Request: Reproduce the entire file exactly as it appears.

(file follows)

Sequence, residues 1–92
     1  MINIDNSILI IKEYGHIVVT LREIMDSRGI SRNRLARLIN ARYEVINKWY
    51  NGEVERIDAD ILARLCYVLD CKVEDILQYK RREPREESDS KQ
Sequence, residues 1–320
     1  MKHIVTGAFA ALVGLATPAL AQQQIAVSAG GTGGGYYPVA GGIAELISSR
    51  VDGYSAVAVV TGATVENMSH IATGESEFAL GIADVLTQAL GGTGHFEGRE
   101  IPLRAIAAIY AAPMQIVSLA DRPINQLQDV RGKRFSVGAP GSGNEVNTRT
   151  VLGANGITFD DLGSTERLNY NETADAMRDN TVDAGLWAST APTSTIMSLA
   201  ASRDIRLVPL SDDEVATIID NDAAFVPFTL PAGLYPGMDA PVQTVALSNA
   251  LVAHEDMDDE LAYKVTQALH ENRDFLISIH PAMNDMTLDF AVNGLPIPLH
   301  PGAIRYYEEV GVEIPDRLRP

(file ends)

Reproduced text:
Sequence, residues 1–92
     1  MINIDNSILI IKEYGHIVVT LREIMDSRGI SRNRLARLIN ARYEVINKWY
    51  NGEVERIDAD ILARLCYVLD CKVEDILQYK RREPREESDS KQ
Sequence, residues 1–320
     1  MKHIVTGAFA ALVGLATPAL AQQQIAVSAG GTGGGYYPVA GGIAELISSR
    51  VDGYSAVAVV TGATVENMSH IATGESEFAL GIADVLTQAL GGTGHFEGRE
   101  IPLRAIAAIY AAPMQIVSLA DRPINQLQDV RGKRFSVGAP GSGNEVNTRT
   151  VLGANGITFD DLGSTERLNY NETADAMRDN TVDAGLWAST APTSTIMSLA
   201  ASRDIRLVPL SDDEVATIID NDAAFVPFTL PAGLYPGMDA PVQTVALSNA
   251  LVAHEDMDDE LAYKVTQALH ENRDFLISIH PAMNDMTLDF AVNGLPIPLH
   301  PGAIRYYEEV GVEIPDRLRP